To The Editor:

After reading the lead editorial in the Aug. 9-10 edition of The Missourian I would like to offer my thoughts on why the annexation proposal failed to gain voter approval.

First, regarding the tax implication of the proposed annexation, the city of Washington has raised the property taxes for residents eight of the last 10 years. With that kind of track record voters have come to expect that some form of tax increase was likely to be necessary to cover the unanticipated cost associated with the annexation regardless of how much the politicians protested.

Second, the real reason people in the annexation areas were opposed was that it offered them nothing that they didn’t already have except higher taxes. How many residents of any area would be willing to sign up to higher taxes without some improvements in services?

Third, labeling people in the annexation areas “freeloaders” was not the best way to influence voters in a positive way. The city probably lost more votes on the “fair share/freeloader” issue than any other. The people in the annexation areas don’t “hate” the city. They simply chose not to live in the city. That is their right. Some of them do have longstanding “issues” with the city. But labeling all of them “haters” was perceived by the voters as excessively pejorative.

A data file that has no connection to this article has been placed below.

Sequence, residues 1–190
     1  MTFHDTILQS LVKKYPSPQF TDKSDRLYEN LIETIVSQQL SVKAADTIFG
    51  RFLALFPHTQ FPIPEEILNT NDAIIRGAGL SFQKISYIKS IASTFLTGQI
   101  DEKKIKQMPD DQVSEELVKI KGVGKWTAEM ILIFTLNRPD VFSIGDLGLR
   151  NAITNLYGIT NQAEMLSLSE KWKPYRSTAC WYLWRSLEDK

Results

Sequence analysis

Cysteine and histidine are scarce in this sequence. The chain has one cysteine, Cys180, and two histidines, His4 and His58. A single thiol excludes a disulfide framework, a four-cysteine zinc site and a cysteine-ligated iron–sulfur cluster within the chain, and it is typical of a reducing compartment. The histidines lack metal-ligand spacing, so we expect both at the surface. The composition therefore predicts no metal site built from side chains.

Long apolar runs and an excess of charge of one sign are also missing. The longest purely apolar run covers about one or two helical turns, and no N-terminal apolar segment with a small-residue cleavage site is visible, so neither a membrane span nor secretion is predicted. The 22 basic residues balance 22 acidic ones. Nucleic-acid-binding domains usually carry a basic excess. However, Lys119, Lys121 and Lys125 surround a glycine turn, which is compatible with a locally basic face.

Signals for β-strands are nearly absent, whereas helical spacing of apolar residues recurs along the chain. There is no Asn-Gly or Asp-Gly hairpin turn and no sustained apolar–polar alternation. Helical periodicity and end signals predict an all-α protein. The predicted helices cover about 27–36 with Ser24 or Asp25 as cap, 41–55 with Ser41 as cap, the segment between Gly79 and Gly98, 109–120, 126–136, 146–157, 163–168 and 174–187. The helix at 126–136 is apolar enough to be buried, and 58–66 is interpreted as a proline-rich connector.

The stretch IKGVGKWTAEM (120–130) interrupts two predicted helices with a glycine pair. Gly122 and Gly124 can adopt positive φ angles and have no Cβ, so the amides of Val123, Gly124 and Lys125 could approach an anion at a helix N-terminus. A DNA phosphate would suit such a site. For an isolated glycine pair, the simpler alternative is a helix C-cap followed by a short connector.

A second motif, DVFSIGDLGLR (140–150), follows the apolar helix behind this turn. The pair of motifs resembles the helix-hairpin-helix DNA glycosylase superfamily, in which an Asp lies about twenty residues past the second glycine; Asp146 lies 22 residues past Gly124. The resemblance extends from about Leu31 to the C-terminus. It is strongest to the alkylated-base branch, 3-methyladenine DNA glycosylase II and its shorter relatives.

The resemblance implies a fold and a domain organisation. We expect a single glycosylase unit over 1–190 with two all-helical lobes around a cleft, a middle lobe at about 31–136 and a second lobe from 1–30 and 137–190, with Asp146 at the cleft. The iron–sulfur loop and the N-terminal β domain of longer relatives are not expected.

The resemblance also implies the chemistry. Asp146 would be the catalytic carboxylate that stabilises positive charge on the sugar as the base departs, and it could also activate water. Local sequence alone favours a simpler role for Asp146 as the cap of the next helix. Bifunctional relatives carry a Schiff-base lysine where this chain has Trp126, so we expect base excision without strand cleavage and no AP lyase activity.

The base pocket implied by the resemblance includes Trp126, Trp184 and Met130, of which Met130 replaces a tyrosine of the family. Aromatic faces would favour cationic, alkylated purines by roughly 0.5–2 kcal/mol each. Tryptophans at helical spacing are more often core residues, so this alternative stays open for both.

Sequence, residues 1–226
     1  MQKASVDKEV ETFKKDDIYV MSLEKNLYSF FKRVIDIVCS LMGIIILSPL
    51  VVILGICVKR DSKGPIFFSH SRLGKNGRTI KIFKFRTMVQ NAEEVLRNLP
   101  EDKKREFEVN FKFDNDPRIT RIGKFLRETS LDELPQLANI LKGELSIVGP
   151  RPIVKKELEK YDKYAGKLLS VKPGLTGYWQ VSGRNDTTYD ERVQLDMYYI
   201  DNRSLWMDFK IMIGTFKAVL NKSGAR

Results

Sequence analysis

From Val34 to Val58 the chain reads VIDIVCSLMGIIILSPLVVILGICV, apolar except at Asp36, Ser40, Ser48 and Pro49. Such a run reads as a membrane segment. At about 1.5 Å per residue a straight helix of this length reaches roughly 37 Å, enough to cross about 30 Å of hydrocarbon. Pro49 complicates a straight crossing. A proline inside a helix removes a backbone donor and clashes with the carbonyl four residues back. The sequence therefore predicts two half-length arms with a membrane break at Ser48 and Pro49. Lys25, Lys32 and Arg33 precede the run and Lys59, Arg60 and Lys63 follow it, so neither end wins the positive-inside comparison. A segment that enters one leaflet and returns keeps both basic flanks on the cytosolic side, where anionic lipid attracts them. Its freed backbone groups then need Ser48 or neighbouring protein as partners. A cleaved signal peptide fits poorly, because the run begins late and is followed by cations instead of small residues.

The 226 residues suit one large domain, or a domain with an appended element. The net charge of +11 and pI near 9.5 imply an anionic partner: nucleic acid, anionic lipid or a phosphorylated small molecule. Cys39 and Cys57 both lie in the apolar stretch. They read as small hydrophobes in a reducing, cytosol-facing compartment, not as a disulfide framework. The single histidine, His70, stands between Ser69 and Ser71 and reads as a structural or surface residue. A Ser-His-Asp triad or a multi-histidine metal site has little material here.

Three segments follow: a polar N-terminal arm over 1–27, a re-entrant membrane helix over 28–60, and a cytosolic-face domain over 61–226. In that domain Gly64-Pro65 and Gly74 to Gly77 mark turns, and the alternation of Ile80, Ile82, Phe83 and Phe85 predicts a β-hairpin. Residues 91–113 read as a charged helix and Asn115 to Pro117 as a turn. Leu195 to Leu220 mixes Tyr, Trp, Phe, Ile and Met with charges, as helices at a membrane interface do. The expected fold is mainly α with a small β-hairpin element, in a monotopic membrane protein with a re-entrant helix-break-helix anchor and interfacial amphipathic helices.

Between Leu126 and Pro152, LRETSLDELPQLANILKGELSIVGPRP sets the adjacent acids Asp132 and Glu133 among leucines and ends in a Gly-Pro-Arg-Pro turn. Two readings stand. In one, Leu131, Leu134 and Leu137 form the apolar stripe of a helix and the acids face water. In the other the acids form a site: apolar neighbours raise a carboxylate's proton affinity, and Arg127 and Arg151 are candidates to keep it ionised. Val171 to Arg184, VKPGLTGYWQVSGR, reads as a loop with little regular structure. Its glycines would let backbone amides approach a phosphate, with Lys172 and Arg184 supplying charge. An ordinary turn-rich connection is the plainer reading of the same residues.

For those with longstanding issues it boiled down to the issue of trust. If you look at the latest CNN poll, trust in government in general is at an all-time low. Why would you expect it to be any different locally? After all, Americans have had a healthy lack of trust in government for over 300 years. That’s what the American Revolution was all about. It propelled westward expansion when my forebears first came to the Spanish Territory (Missouri) in 1789. Without a certain amount of skepticism on the part of the citizenry, government becomes first arrogant, then intrusive, and then oppressive. Perhaps this was a message to local government that government’s proper role is to be servants of the people, not to garner ever increasing influence over our lives.

But I think the single issue that doomed the proposal was that the city never really defined how this plan was going to foster real growth. We heard many references to how growth was important and that the city’s future depended on growth but painfully little about what it was going to take to make meaningful growth a reality that benefited everyone. I suspect in the final analysis, many voters failed to see how spending three quarters of a million dollars to annex less than 100 households and another 460 acres was going to contribute to their future.

Mayor Lucy was right: The sun did come up on Wednesday. Might I suggest we close this chapter of the annexation discussion by agreeing to disagree on the issue?